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Chad Wackerman: Legs Eleven

John Kelman By

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The spirit of Allan Holdsworth looms large over drummer Chad Wackerman's new release, Legs Eleven , much as it has over his previous three. And that's no surprise, given Wackerman's long history with a guitarist who has defined a unique musical language that combines heady melodicism with abstract harmonies. But whereas Holdworth's releases are often-times the result of years of painstaking care and attention to detail, Wackerman holds more closely to the jazz tradition, recording his disc in the period of a few short days in June of '03. The result is an album that, by being less considered, is more immediate and more relaxed. Holdsworth's albums may ultimately feel effortless as the result of his perfectionism, but Wackerman's discs have that in-the-moment ambience, a certain element of surprise, that Holdsworth's occasionally lack.

Following his '99 release, Scream , Wackerman pares the group down from a five-piece, retaining his Australian group of vibraphonist Darryl Pratt, bassist Leon Gaer and, most importantly, twenty-something guitarist James Muller. Muller has worked with a number of other Australian groups, including Pratt's Sonic Fiction and pianist Mark Isaac's group, and he continues to prove himself to be a most adaptable guitarist, while still asserting a strong personality regardless of the context. For Legs Eleven Muller continues to use, for the most part, an overdriven sound and approach that is clearly reminiscent of Holdsworth, but with a sharper sound, more attack and less complete reliance on legato phrasing. He fits in with the group's more here-and-now approach, soloing with a facility that never loses sight of being inherently lyrical. A young player who deserves broader recognition, every appearance he makes on record is a vivid experience, and Legs Eleven is no exception.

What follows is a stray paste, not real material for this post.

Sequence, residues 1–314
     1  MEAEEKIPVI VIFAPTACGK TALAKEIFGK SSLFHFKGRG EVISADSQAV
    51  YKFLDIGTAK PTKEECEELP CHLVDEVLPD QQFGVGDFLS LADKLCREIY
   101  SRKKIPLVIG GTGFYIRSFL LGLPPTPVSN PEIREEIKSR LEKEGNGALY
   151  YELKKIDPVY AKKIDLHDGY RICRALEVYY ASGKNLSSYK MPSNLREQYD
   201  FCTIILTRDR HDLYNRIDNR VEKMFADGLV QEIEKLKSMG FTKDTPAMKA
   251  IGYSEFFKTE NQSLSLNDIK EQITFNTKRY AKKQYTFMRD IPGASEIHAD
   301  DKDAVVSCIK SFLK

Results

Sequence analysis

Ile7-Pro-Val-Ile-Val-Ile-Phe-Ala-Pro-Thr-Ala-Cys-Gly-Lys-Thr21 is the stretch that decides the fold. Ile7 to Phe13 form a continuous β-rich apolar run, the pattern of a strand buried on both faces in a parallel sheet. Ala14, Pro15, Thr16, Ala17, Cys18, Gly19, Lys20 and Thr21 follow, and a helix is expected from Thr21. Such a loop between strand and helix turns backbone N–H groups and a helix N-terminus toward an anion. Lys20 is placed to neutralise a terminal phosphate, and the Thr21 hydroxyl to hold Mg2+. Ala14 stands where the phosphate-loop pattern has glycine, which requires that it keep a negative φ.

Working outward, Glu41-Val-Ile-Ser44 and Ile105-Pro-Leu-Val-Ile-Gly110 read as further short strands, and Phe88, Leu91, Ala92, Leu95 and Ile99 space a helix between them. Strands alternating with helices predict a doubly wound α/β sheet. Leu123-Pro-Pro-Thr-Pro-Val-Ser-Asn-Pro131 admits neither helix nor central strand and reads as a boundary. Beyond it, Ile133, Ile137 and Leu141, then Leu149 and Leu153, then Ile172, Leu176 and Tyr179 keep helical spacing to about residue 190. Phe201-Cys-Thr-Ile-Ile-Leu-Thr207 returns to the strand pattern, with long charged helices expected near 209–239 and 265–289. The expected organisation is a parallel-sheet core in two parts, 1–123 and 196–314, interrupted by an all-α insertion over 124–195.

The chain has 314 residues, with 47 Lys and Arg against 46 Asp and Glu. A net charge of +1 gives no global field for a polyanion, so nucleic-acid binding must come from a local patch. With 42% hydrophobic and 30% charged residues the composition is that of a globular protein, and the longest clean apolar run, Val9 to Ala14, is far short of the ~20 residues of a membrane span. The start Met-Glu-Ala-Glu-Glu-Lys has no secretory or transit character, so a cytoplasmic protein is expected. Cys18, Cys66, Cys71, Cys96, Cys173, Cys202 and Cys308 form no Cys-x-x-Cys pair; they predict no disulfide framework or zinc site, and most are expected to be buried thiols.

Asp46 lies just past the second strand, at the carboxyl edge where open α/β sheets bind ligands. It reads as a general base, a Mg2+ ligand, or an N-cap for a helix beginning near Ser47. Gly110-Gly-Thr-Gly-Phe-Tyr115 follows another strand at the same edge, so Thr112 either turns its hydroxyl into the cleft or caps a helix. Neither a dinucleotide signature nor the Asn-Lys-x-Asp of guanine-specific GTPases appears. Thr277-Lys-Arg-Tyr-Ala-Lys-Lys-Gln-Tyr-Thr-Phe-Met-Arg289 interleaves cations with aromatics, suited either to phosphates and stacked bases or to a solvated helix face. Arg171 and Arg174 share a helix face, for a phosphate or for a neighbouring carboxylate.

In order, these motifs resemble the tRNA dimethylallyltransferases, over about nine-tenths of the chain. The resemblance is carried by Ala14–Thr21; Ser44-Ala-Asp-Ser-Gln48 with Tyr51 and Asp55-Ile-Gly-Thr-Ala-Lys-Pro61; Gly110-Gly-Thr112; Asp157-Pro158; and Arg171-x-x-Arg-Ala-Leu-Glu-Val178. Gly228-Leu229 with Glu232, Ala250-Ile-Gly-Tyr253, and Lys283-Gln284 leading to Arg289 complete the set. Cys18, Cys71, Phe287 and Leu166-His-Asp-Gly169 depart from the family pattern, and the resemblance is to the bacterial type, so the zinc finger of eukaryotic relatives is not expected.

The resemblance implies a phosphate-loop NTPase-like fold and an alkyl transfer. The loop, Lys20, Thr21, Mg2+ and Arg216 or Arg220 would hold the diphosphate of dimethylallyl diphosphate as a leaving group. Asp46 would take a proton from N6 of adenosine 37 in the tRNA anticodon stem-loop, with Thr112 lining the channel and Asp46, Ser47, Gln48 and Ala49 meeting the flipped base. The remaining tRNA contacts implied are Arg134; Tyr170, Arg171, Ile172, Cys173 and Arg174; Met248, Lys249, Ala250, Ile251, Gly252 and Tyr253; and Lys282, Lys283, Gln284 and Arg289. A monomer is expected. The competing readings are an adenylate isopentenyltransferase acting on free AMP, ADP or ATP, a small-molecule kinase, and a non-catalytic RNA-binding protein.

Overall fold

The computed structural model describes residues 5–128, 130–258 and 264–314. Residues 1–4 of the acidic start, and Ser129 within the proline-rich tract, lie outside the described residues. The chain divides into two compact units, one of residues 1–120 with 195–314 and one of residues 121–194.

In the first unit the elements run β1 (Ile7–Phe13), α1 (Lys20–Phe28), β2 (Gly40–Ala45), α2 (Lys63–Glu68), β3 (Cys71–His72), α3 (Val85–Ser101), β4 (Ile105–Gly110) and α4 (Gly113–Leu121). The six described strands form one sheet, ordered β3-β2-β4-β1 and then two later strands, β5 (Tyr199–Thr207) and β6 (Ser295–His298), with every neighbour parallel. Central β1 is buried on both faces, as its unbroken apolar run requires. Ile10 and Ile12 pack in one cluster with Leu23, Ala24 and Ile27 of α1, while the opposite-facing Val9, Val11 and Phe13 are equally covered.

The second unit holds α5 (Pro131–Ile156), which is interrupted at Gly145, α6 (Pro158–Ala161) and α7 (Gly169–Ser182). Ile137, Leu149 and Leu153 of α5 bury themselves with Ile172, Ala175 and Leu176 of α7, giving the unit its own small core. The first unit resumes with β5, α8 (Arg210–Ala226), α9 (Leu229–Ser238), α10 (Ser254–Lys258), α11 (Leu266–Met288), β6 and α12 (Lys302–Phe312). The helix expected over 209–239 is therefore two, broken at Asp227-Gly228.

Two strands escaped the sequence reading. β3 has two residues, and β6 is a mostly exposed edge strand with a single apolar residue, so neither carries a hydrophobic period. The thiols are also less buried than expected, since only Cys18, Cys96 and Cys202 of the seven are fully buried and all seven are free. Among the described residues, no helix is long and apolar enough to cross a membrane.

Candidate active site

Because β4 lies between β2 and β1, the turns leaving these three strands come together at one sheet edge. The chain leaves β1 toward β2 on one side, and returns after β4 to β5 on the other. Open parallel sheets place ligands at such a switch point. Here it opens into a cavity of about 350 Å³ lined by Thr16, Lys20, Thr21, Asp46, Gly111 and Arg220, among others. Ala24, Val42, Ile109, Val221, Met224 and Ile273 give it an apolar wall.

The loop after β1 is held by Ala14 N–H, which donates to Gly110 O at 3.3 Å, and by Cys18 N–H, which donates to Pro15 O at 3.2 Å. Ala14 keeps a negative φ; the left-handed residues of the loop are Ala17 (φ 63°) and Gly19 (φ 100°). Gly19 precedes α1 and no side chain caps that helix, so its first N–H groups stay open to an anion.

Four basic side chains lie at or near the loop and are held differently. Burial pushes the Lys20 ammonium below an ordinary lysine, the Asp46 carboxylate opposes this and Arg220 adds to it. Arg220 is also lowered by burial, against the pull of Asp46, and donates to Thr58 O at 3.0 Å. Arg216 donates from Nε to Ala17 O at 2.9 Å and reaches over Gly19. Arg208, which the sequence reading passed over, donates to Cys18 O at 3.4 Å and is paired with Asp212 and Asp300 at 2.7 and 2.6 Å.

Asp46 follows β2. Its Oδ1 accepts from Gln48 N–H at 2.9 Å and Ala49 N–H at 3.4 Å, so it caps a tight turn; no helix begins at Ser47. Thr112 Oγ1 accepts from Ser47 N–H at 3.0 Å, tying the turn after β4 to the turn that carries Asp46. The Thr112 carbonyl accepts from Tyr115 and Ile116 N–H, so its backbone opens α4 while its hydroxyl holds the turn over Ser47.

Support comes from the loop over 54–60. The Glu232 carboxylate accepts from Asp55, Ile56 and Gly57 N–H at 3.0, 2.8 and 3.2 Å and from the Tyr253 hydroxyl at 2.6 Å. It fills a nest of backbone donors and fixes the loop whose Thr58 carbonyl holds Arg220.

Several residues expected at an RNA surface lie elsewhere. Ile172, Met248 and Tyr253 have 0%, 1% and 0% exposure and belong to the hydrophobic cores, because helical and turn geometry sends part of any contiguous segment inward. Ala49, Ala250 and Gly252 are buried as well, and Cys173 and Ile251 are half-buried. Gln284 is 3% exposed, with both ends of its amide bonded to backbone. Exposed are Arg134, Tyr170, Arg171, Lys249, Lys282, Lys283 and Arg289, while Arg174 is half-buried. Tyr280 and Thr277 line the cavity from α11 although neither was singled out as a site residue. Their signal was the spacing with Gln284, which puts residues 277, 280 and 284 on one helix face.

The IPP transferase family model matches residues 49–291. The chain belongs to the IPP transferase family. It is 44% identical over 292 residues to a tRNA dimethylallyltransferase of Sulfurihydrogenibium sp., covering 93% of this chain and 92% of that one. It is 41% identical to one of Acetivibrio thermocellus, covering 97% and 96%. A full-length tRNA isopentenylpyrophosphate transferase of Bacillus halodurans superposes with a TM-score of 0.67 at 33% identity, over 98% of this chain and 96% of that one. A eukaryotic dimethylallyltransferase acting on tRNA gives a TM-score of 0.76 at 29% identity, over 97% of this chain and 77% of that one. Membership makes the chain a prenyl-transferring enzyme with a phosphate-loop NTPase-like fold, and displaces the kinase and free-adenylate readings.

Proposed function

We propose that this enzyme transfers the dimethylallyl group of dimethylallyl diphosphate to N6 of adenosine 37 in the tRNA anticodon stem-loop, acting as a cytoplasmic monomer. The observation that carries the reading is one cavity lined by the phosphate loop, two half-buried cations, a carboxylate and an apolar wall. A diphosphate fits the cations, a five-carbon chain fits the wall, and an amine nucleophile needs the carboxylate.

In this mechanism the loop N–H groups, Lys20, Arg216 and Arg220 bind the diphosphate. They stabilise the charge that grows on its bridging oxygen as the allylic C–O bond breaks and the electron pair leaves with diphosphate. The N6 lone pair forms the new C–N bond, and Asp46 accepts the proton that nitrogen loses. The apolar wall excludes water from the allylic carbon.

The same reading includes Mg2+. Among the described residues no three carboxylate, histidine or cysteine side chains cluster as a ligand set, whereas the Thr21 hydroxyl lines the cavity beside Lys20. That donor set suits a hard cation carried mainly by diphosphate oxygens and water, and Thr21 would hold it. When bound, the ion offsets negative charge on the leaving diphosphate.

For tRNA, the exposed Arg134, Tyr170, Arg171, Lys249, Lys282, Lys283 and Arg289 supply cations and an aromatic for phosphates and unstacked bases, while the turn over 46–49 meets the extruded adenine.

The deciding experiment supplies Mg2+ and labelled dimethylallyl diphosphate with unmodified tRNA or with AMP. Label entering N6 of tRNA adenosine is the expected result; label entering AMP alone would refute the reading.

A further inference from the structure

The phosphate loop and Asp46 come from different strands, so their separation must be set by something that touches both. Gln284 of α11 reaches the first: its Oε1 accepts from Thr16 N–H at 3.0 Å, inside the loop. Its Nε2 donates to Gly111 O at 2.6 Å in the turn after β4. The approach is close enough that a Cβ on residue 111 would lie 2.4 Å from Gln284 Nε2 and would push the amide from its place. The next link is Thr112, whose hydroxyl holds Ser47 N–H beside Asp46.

Effusing about Muller doesn't take away from the contributions of Pratt and Gaer. While the idea of a vibes-guitar-bass-drums quartet is nothing new, it is unusual in a fusion context. Pratt's midi'd vibraphone means that there are all kinds of sonic possibilities with a lineup that on first inspection might be considered more mainstream. And, for those who think of fusion as a dirty word, while Wackerman and the group have the energy, there is none of the grandstanding that sometimes stands for fusion. Everyone plays with an open attention to space and, though the arrangements are tricky, they never feel considered or overly-intellectualized.

Wackerman's writing, in fact, took a giant leap forward with Scream , more successfully combining intriguing close voicings with melodies that were eminently singable, while at the same time the slightest bit unusual. So while Scream was something of a revolutionary record for Wackerman, Legs Eleven is more evolutionary, honing his writing even further. And his playing continues to combine dazzling technique with a strong sense of groove.

Wackerman recently relocated to the States after spending a number of years in Australia. Let's hope the move doesn't result in the dissolution of this fine ensemble, as Legs Eleven shows these players are clearly continuing to evolve individually and as a group.

Track Listing: Sophie's Beach; Spiral; Legs Eleven; Where You Come From; Newtown; No Time Like the Future; Tangara; Field of Mars; Rhythm Clock; Balancing Acts.

Personnel: Chad Wackerman: drums, percussion; James Muller: guitar; Daryl Pratt: vibraphone, marimba, synthesizers; Leon Gaer:bass.

Title: Legs Eleven | Year Released: 2004 | Record Label: Chad Wackerman


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